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Old 08-20-2008, 12:24 AM   #1
biocc
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Default what is a paired-end read?

When I read papers, I find paired -end read and single-end reads are mentioned many times. But what is a paired-end read? I am not very clearly.
just like:1 1 119 395 GAAGAGGAGATAAATAAAACTCAAAATACAGCTGAA
1 1 852 893 GTTATTAATATTATTGATGTATTCATCTTTTCTTTT
1 1 814 900 GTTAAAGCATTAAGAAAAGATGTACTTGCAAAATGC
1 1 241 454 GGTGGAAGAGATGTCATTGGAGAAGCCCAAACAGGT
1 1 759 899 GTGTGCTTTTTGAATGAGTAGGTATTGTAATTAGCT
1 1 123 438 GAAAGCCAAACTTTTCATAAAAGCCTTCCTTGCCAT
which are generated by Solexa. Are They paired-end reads?
Thanks
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Old 08-20-2008, 05:08 PM   #2
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The term 'paired ends' refers to the two ends of the same DNA molecule. So you can sequence one end, then turn it around and sequence the other end. The two sequences you get are 'paired end reads'. Sometimes they're called 'mate pairs' (but with Illumina technology, I think what they call 'mate pair' and 'paired end' methodology is different). Is that what you want to know?
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Old 08-20-2008, 06:41 PM   #3
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The term 'paired ends' refers to the two ends of the same DNA molecule. So you can sequence one end, then turn it around and sequence the other end. The two sequences you get are 'paired end reads'. Sometimes they're called 'mate pairs' (but with Illumina technology, I think what they call 'mate pair' and 'paired end' methodology is different). Is that what you want to know?
Thank you. IF two reads are paired ends,will one read be the complementary read of the other one? In SSAKE's readme, it says TGGCTCACCCCTGTAATCCCAGCACT:CTCCCAGGTTCAAGCGATTCTCCTGC consists of two paired reads. but i can't find some relation of this paired reads.

Last edited by biocc; 08-20-2008 at 06:54 PM.
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Old 08-20-2008, 09:40 PM   #4
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I hope I understand what you're asking, and that my answers are not too basic...

No, the reads won't be complementary unless you're sequencing very short molecules so that a read from each end simply sequences the other strand. Generally, though, the molecule is longer, so you get the read from one end of the molecule and the read from the other end on the other strand. You don't know what the sequence is in the central section of the molecule because the reads are not long enough to span all the way across the molecule. So basically, you have no way of knowing, just by looking at two sequences, whether they're pairs or not.
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Old 08-20-2008, 11:11 PM   #5
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Default Paired end (mate pair) sequencing explanation

biocc,

"paired end" or "mate pair" refers to how the library is made, and then how it is sequenced. Both are methodologies that, in addition to the sequence information, give you information about the physical distance between the two reads in your genome.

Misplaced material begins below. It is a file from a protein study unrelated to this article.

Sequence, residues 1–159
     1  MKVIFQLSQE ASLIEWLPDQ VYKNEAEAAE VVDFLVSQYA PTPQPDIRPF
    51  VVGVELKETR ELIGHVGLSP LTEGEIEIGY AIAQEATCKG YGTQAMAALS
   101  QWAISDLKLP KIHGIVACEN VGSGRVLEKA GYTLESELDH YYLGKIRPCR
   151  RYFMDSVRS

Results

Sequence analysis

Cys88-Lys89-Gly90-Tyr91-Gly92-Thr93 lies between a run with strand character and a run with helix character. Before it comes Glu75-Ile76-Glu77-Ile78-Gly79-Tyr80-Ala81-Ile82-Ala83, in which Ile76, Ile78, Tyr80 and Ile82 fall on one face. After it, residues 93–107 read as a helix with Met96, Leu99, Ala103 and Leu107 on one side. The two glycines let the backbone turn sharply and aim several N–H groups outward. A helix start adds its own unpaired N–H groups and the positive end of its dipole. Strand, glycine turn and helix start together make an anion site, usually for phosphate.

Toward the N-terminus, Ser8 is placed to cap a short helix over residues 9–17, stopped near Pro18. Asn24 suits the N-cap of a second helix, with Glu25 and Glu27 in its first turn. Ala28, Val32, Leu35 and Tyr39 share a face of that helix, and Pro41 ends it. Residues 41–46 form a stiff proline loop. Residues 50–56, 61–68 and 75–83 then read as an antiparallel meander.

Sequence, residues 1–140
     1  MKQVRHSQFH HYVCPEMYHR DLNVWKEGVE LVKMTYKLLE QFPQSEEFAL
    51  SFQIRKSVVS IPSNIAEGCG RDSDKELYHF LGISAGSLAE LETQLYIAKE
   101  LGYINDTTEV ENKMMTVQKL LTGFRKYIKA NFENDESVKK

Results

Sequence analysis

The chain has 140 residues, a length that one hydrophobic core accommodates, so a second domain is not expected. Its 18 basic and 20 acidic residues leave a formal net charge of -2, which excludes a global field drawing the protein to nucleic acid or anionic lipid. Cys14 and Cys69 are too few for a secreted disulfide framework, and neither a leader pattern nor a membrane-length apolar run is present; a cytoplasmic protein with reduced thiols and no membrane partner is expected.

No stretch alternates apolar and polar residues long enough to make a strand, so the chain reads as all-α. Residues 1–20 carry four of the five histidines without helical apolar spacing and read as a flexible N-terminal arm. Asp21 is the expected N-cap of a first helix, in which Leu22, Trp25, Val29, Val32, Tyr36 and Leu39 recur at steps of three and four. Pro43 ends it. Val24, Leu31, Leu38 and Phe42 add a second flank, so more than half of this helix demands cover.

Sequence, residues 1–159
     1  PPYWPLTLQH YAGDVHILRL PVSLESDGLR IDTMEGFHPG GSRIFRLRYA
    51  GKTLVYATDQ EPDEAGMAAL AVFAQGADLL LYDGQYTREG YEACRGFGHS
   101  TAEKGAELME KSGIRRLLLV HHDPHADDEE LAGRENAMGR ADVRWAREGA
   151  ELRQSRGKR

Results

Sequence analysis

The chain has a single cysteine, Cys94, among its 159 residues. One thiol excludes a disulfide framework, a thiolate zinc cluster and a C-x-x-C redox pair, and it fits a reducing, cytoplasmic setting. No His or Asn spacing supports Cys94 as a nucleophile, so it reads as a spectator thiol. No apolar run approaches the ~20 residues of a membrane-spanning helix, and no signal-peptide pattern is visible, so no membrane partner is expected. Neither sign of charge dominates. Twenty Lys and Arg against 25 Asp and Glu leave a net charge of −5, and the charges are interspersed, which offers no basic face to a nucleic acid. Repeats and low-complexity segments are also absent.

For example, you shear up some genomic DNA, and cut a region out at ~500bp. Then you prepare your library, and sequence 35bp from each end of each molecule. Now you have three pieces of information:

--the tag 1 sequence
--the tag 2 sequence
--that they were 500bp (some) apart in your genome

This gives you the ability to map to a reference (or denovo for that matter) using that distance information. It helps dramatically to resolve larger structural rearrangements (insertions, deletions, inversions), as well as helping to assemble across repetitive regions.

Structural rearrangements can be deduced when your read pairs map to a reference at a distance that is substantially different from how that library was constructed (~500bp in the above example). Let's say you had two reads that mapped to your reference 1000bp apart...this suggests there has been a deletion between those two sequence reads within your genome. Same thing with an insertion, if your reads mapped 100bp apart on the reference, this suggests that your genome has an insertion.

Mapping over repeats is similar...if one read is unmappable because it falls in a very repetitive region (eg. LINE, LTR, SINE), but the other is unique, you can again use that distance information to map both reads. The first read would likely come from the repeat that is ~500bp away from your unique second read.

Hope that helps. It's a weird concept at first, but very useful for all types of sequencing. It's been around at some levels since the days of shotgun sequencing.

And lastly, the terminology between "paired end" and "mate pair" is typically that "paired end" refers to sequencing both ends of the same molecule, while "mate pair" (in ABI's case) refers to sequencing only two tags (made by Type IIS restriction enzymes a la SAGE) from the ends of a typically much larger molecule. I could be wrong here though...
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Old 06-09-2009, 05:13 AM   #6
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Quote: